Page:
Holmbush, Cornwall

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Mine Chimney at Wheal Eliza Consols - geograph.org.uk - 77232.jpg
Mine chimney at the disused Wheal Eliza Consols tin mine
Holmbush is located in Cornwall
Location within Cornwall
OS grid referenceSX035525
Civil parish
  • St Austell CP
Unitary authority
Ceremonial county
Sovereign stateUnited Kingdom
Post townST. AUSTELL
Postcode districtPL25
Dialling code01726
PoliceDevon and Cornwall
AmbulanceSouth Western
EU ParliamentSouth West England
UK Parliament
List of places
50°20′20″N 4°45′47″W / 50.339°N 4.763°W / 50.339; -4.763Coordinates: 50°20′20″N 4°45′47″W / 50.339°N 4.763°W / 50.339; -4.763

Holmbush is a village in Cornwall, England that is situated half a mile east of St Austell (where the population at the 2011 census was included.).[1] It was a centre for tin and copper mining in the eighteenth and nineteenth centuries, with a few houses to the south of the A390 road. It was developed in the 1970s, with the construction of housing and an industrial estate to the north of the road. Since 1974, the site of Cuddra mine has been developed as Pine Lodge Gardens, an attraction holding over 6,000 varieties of plants, many collected by the owner on plant hunting expeditions.


Most of Holmbush is comparatively recent. In the 1880s, the main centre of population was on the south side of what is now the main A390 road, sandwiched between the road and the railway to St Austell. To the north of the housing was the West Wheal Eliza tin mine. To the north east was Wheal Eliza Consols tin mine, while to the east, Cuddra tin and copper mine was already disused, and further east was the disused South Cuddra copper mine.[2] By 1907,Cuddra mine was no longer marked on the map, and West Wheal Eliza and Wheal Eliza Consols were both marked as disused.[3] No further development is obvious on the 1963 map[4] but the 1971 map shows the development of housing to the north of the main road, with a few larger buildings to the east, which is now the site of the industrial estate.[5] The 1977 map shows the Wheal Eliza cricket ground, constructed in 1973 on part of the West Wheal Eliza site, which was first used for Minor Counties Championship matches in 1982, when Cornwall played Dorset.[6] Modern maps still show tips between the cricket ground and the industrial estate and at Cuddra. The main area is marked as Cuddra Plantations, and is the location of Pine Lodge Gardens and a nursery. Wheal Eliza Consols is still named.[7]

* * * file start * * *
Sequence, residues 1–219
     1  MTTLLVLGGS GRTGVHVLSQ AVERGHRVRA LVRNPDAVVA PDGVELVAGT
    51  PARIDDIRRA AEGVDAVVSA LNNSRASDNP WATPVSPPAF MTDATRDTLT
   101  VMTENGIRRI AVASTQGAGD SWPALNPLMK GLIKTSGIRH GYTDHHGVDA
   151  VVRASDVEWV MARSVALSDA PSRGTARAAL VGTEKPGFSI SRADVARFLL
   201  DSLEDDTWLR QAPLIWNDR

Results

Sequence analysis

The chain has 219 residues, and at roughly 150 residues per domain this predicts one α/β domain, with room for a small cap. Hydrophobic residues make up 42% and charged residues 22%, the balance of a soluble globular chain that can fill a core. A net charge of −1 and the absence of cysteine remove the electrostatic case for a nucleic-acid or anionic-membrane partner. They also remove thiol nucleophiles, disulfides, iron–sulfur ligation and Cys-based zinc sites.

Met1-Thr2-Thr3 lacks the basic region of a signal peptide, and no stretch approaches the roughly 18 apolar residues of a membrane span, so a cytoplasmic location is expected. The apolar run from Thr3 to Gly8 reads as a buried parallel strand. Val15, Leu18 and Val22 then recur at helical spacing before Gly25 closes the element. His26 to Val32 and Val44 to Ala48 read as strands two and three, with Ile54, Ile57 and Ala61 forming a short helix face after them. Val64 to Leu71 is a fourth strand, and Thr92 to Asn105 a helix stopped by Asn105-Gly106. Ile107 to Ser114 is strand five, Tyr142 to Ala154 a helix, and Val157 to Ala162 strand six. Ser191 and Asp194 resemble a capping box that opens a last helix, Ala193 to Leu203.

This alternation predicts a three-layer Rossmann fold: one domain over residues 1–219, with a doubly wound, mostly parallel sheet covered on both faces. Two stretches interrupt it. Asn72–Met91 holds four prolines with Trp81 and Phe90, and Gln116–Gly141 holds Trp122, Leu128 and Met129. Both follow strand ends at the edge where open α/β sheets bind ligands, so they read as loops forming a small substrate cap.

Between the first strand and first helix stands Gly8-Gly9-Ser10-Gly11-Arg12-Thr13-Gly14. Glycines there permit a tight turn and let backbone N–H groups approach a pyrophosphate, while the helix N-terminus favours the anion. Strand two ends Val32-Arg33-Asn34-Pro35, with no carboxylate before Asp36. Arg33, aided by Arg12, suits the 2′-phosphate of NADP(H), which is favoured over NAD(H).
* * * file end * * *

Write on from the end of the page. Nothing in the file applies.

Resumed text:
Near to the remains of Wheal Eliza Consols mine is Boscundle Manor, built in 1767 for the mine's captain, and now a hotel and restaurant.[8] Although modernised, it is a Grade II Listed building.[9] The site of Cuddra mine was the location of Pine Lodge, which was bought in 1974, and became the centre of Pinetum Park and Pine Lodge Gardens. The new owners used it as a showpiece for their collections of plants, obtained from seeds collected on plant hunting expeditions around the world. It now includes a formal garden, a cottage garden, a formal garden, water features and a lake, shrubberies, a pinetum, an arboretum, a Japanese garden and a 3-acre (1.2 ha) winter garden. Over 6,000 species of plants have been labelled by the owner, Mrs Shirley Clemo, and in 2008 the gardens were given a Bronze Award in the Small Visitor Attraction of the Year category, in recognition of their contribution to tourism in Cornwall.[10]


Holmbush was the location of Charlestown United Mines, one of a series of metal mines in the vicinity. It produced large quantities of tin and copper in the early nineteenth century. In addition to the engine house shafts, there were whim shafts, where a winch was used to raise the ore, which was then crushed in stamps powered by water wheels and by steam engines. The ore was transported to nearby Charlestown for export. In 1838, it employed a total of 814 people, 431 men, 120 women and 263 children. There were 283 adults living in the village according to the census of 1851, of whom ten were miners and one was a mine manager. One of the miners also worked as a cooper, as did ten other men. The census also recorded a tea-dealer and a hobbler [11] Charlestown United Mines later became part of Charlestown United and Cuddra Consolidated Mines, who owned four mines in the vicinity.[12]


  1. ^ Ordnance Survey One-inch Map of Great Britain; Bodmin and Launceston, sheet 186. 1961.
  2. ^ Ordnance Survey, 1:2500 map, 1882 (available here Archived 2012-04-30 at the Wayback Machine)
  3. ^ Ordnance Survey, 1:2500 map, 1907
  4. ^ Ordnance Survey, 1:10,560 map, 1962-1963
  5. ^ Ordnance Survey, 1:2500 map, 1970-1971
  6. ^ "Minor Counties Championship Matches played on Wheal Eliza, Bethel, St Austell". CricketArchive. Retrieved 20 July 2014.
  7. ^ Ordnance Survey, 1:2500 map, 2010
  8. ^ "About Boscundle Manor". Boscundle Manor Hotel. Retrieved 20 July 2014.
  9. ^ Historic England. "Boscundle Manor (1210731)". National Heritage List for England. Retrieved 20 July 2014.
  10. ^ "Pinetum Park and Pine Lodge Gardens". Cornwall Tourist Board. Retrieved 20 July 2014.
  11. ^ Hancock 2008, pp. 55-56.
  12. ^ "Charlestown United and Cuddra Consolidated Mines". Mindat.org. Retrieved 20 July 2014.


  • Hancock, Peter (2008). The Mining Heritage of Cornwall and West Devon. Halsgrove. ISBN 978-1-84114-753-6.